ROBERT GREENWALD, BRAVE NEW FILMS: There‘s no question it‘s the corporate culture. It‘s the result of an atmosphere of bullying. It‘s a result also, Ed, of lying, distorting, cheating. And as the former prime minister in Britain said, it‘s the rats coming up out the sewer.
And that‘s about as strong a statement as you‘re going to get from a politician. But I think it‘s also important for us to understand what a pervasive effect one man controlling so much media has had on our lives here in the United States. Day after day, whether it was their cheerleading for the Iraq War or being the communications arm of the Tea Party, this has had and continues to have a profound effect on our lives each and every day.
SCHULTZ: Well, the editorial today in the “Wall Street Journal” obviously defending the action of Murdoch. Also their property “Fox and Friends” defended the parent company. Let‘s listen to how they played it out this morning.
(BEGIN VIDEO CLIP)
UNIDENTIFIED MALE: The company has come forward and they‘ve said, look, this happened a long time ago at a tabloid in London. Somebody did something really bad. And the company reacted. They close that newspaper. All those people got fired, even though 99 percent of them absolutely had nothing to do with it.
UNIDENTIFIED MALE: If I‘m not mistaken, Murdoch, who owns it, has apologized. But for some reason the public, media keeps going over this again and again.
UNIDENTIFIED MALE: The piling on.
(END VIDEO CLIP)
SCHULTZ: Is it piling on, Mr. Greenwald?
GREENWALD: That‘s actually quite disgusting, Ed. And look what they‘re doing to the “Wall Street Journal.” look how Murdoch has taken what was once a good newspaper, and to his shame has turned it into another propaganda rag for him and a paper that, day by day, is losing its integrity.
No, this is not piling on. There‘s another word for it. This is called democracy. It‘s a word maybe they don‘t understand over there because they‘re a top down company, run by Murdoch, that gives reporters daily memos about how to treat the news and what to say and what not to say.
It‘s going to continue. The question is it going to get to Murdoch‘s son? Is he going to throw him under the bus? Is it going to get to Murdoch himself? Is the board of directors finally going to stand up the way they should? This is a publicly traded company, and Murdoch acts like it‘s his own personal piggy bank.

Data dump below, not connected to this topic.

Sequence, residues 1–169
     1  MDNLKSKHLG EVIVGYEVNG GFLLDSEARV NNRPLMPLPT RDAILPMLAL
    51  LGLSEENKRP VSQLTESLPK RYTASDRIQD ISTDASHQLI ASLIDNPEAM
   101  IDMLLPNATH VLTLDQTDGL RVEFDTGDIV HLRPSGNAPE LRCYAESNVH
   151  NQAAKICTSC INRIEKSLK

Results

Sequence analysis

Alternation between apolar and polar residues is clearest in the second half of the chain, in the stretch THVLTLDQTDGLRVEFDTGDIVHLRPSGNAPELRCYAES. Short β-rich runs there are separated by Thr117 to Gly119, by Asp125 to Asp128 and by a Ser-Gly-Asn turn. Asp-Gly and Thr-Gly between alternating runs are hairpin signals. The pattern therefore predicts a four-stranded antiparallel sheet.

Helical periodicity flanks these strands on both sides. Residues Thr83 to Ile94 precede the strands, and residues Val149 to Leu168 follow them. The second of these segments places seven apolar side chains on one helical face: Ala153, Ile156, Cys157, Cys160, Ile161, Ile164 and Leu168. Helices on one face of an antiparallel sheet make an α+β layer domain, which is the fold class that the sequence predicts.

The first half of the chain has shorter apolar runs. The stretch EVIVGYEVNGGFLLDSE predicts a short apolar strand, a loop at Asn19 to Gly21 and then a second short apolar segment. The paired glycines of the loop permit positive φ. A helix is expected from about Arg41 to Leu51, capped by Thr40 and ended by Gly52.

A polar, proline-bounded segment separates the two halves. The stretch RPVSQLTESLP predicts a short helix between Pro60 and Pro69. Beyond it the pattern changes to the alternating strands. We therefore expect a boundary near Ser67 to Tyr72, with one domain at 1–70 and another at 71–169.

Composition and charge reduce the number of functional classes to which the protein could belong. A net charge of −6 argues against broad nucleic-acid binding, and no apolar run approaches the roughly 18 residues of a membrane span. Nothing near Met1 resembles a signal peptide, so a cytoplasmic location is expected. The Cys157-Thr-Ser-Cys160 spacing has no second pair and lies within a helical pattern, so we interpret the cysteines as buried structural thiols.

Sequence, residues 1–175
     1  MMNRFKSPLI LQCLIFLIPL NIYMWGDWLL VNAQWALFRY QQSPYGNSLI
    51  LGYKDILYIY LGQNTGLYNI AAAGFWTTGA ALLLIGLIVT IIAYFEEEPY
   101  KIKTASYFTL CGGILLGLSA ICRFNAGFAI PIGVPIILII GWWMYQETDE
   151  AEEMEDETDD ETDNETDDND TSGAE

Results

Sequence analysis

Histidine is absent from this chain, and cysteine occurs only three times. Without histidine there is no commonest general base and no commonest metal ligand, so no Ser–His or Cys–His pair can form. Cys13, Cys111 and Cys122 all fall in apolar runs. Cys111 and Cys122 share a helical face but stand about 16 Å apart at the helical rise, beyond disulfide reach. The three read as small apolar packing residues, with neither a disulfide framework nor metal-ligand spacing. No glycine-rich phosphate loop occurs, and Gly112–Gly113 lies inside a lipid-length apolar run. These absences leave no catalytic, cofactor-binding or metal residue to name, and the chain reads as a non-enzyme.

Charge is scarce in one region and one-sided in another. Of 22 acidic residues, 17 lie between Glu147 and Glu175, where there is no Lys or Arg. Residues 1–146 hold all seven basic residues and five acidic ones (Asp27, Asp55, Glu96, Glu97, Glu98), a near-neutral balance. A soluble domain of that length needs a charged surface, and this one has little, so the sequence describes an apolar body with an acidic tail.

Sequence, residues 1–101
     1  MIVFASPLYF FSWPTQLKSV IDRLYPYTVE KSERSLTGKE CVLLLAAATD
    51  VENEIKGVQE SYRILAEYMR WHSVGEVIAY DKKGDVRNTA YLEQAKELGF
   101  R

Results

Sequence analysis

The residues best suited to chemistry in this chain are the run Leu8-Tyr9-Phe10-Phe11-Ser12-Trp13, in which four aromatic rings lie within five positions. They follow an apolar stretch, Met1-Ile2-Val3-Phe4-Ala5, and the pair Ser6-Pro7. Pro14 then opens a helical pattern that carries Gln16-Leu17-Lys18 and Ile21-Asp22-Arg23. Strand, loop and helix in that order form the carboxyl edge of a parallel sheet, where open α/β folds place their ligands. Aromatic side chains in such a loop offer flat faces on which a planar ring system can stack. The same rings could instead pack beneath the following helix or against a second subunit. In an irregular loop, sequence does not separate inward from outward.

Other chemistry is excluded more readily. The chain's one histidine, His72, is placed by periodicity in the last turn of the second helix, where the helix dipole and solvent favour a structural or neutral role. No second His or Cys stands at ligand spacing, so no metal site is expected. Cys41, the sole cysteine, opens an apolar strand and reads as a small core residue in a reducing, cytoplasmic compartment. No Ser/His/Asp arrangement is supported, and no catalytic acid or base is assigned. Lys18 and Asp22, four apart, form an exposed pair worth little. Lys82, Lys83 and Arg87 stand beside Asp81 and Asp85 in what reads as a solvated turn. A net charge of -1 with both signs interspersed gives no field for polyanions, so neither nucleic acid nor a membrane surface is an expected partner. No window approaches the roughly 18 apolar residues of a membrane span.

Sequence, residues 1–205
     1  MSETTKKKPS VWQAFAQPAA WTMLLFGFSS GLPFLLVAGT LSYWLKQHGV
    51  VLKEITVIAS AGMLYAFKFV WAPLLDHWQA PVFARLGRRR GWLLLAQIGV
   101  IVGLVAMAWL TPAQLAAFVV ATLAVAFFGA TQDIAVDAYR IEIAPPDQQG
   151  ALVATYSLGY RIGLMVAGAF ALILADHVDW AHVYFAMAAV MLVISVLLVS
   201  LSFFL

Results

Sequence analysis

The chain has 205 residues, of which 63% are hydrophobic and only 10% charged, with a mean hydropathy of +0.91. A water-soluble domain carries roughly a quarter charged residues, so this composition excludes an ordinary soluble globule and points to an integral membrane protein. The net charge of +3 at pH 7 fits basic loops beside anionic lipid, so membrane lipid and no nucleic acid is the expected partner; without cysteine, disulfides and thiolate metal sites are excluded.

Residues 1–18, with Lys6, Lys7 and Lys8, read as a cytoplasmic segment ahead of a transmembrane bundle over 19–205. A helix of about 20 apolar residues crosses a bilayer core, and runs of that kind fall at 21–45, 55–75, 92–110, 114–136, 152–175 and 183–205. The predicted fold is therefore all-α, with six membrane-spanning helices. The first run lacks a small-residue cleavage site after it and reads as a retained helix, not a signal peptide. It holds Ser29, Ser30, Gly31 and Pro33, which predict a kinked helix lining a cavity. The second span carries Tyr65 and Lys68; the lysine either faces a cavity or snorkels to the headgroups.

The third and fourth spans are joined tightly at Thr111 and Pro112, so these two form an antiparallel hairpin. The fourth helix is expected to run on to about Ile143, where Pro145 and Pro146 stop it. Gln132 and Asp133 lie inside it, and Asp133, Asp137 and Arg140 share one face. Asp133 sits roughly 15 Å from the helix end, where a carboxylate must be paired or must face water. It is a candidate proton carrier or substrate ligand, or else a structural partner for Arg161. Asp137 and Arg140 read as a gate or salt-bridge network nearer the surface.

SCHULTZ: Robert, do you think tomorrow‘s testimony is huge for Murdoch to stay in that position of CEO?
GREENWALD: Well, you know, it‘s as interesting a day of television, at least in anticipation, as we will have seen in a while. He has got the board of directors stacked. They‘re people he put on it. He has a huge number of shares in the company.
So I don‘t see—at least at the moment, I don‘t see a legitimate way that he will be taken out of that position. But who would have thought we‘d be here today, Ed, just a few days ago. The momentum is extraordinary.
SCHULTZ: No doubt. Robert Greenwald, good to have you with us tonight. Thank you.
Presidential candidate Herman Cain said he wouldn‘t put Muslims in his cabinet. Then he said he would but only if they took a loyalty oath. Now he‘s saying Islam isn‘t protected by the First Amendment. This guy belongs in the Zone, next.
SCHULTZ: In Psycho Talk tonight, Herman Cain delivers more anti-Muslim rhetoric. This time, he‘s opposing an Islamic center being built in Tennessee. Cain thinks the First Amendment doesn‘t apply to Muslims.
(BEGIN VIDEO CLIP)
HERMAN CAIN ®, PRESIDENTIAL CANDIDATE: They‘re using the church part of our First Amendment to infuse their mosque in that community. And the people in the community do not like it. They‘re objecting to the fact that Islam is both a religion and a set of laws, Sharia law.
The people in the community know best. I happen to side with the people in the community.
CHRIS WALLACE, FOX NEWS ANCHOR: So you‘re saying any community, if they want to ban a mosque—